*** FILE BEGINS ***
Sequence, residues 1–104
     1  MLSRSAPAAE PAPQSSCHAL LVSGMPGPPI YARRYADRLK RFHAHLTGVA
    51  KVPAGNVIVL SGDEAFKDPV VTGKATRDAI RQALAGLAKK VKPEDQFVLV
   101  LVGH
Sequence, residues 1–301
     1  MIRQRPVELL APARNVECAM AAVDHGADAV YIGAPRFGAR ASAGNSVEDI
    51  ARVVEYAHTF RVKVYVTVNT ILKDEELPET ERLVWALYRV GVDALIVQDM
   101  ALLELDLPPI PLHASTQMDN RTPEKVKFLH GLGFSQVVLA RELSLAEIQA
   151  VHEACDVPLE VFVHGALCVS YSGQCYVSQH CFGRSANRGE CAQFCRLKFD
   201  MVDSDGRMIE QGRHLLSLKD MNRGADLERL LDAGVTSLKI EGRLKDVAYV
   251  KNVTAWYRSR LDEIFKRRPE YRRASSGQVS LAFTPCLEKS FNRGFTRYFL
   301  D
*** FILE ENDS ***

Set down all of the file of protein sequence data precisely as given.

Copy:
Sequence, residues 1–104
     1  MLSRSAPAAE PAPQSSCHAL LVSGMPGPPI YARRYADRLK RFHAHLTGVA
    51  KVPAGNVIVL SGDEAFKDPV VTGKATRDAI RQALAGLAKK VKPEDQFVLV
   101  LVGH
Sequence, residues 1–301
     1  MIRQRPVELL APARNVECAM AAVDHGADAV YIGAPRFGAR ASAGNSVEDI
    51  ARVVEYAHTF RVKVYVTVNT ILKDEELPET ERLVWALYRV GVDALIVQDM
   101  ALLELDLPPI PLHASTQMDN RTPEKVKFLH GLGFSQVVLA RELSLAEIQA
   151  VHEACDVPLE VFVHGALCVS YSGQCYVSQH CFGRSANRGE CAQFCRLKFD
   201  MVDSDGRMIE QGRHLLSLKD MNRGADLERL LDAGVTSLKI EGRLKDVAYV
   251  KNVTAWYRSR LDEIFKRRPE YRRASSGQVS LAFTPCLEKS FNRGFTRYFL
   301  D